Three more things to be aware of if your business is a restaurant, pub, bar or takeaway:

  • Keep groups apart. Space out tables, consider using barriers between groups, and manage the number of customers in the venue. This is required by law. Manage the number of customers in the venue.
  • Manage food and drink service safely. Avoid situations where customers need to collect their own cutlery and condiments. Avoid contact between staff and customers.
  • Lower music and other background noise. Prevent shouting, singing, and dancing in the venue by making sure music and broadcasts are played at a low volume.

These are the priority actions to make your business safe during coronavirus, you should also read the full version of the guidance, available at https://www.gov.uk/guidance/working-safely-during-coronavirus-covid-19/restaurants-offering-takeaway-or-delivery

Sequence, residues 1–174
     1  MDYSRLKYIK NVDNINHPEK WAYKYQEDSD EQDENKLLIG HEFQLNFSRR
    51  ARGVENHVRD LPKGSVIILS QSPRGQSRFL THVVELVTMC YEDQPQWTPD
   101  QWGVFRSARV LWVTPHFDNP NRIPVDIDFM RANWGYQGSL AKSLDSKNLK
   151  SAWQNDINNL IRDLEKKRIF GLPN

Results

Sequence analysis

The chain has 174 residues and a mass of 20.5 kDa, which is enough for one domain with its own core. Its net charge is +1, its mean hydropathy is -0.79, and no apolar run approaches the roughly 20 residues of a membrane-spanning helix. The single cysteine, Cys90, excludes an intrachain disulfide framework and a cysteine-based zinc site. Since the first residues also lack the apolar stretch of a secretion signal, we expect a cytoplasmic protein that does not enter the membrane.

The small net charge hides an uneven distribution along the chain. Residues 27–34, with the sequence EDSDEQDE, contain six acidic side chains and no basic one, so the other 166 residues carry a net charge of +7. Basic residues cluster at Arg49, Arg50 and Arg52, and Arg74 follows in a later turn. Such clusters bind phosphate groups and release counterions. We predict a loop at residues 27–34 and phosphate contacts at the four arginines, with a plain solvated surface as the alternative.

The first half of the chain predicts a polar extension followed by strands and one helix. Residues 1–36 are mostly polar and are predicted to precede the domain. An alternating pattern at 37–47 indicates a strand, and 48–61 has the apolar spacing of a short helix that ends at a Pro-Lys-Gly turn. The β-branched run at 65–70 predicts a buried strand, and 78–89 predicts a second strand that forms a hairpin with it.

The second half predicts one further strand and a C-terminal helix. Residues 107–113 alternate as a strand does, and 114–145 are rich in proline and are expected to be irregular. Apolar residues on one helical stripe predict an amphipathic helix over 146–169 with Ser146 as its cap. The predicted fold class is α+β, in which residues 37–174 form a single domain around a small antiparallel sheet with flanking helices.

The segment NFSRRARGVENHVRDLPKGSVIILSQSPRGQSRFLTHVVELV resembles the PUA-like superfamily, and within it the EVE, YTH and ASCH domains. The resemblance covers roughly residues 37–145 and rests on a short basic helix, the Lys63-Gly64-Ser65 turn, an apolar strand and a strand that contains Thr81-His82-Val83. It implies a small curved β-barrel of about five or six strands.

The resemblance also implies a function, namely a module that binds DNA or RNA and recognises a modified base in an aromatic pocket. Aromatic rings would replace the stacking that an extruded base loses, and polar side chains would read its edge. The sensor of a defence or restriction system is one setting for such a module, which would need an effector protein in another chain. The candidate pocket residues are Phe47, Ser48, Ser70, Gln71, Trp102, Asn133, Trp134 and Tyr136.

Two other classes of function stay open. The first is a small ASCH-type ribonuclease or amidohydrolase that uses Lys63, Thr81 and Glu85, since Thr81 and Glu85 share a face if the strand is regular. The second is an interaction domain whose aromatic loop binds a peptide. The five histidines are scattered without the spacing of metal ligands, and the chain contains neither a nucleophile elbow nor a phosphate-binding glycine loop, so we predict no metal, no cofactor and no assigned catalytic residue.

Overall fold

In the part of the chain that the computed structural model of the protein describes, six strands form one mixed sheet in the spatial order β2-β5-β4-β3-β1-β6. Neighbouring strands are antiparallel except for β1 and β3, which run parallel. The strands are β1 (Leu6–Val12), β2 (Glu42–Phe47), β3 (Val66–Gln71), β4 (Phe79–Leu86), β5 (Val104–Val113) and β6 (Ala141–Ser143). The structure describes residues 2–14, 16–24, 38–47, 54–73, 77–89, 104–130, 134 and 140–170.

Testing

It’s important that you continue to put measures in place to reduce the risk of COVID-19 transmission, including maintaining social distancing, frequent cleaning, good hygiene, and adequate ventilation, even if your workers have:

  • received a recent negative test result
  • had the vaccine (either 1 or 2 doses)

Where you are providing testing on site, you should ensure that workplace testing is carried out in a safe manner and in an appropriate setting where control measures are in place to manage the risk of COVID-19 transmission during the testing process.

Anyone with coronavirus symptoms can get a free NHS PCR test.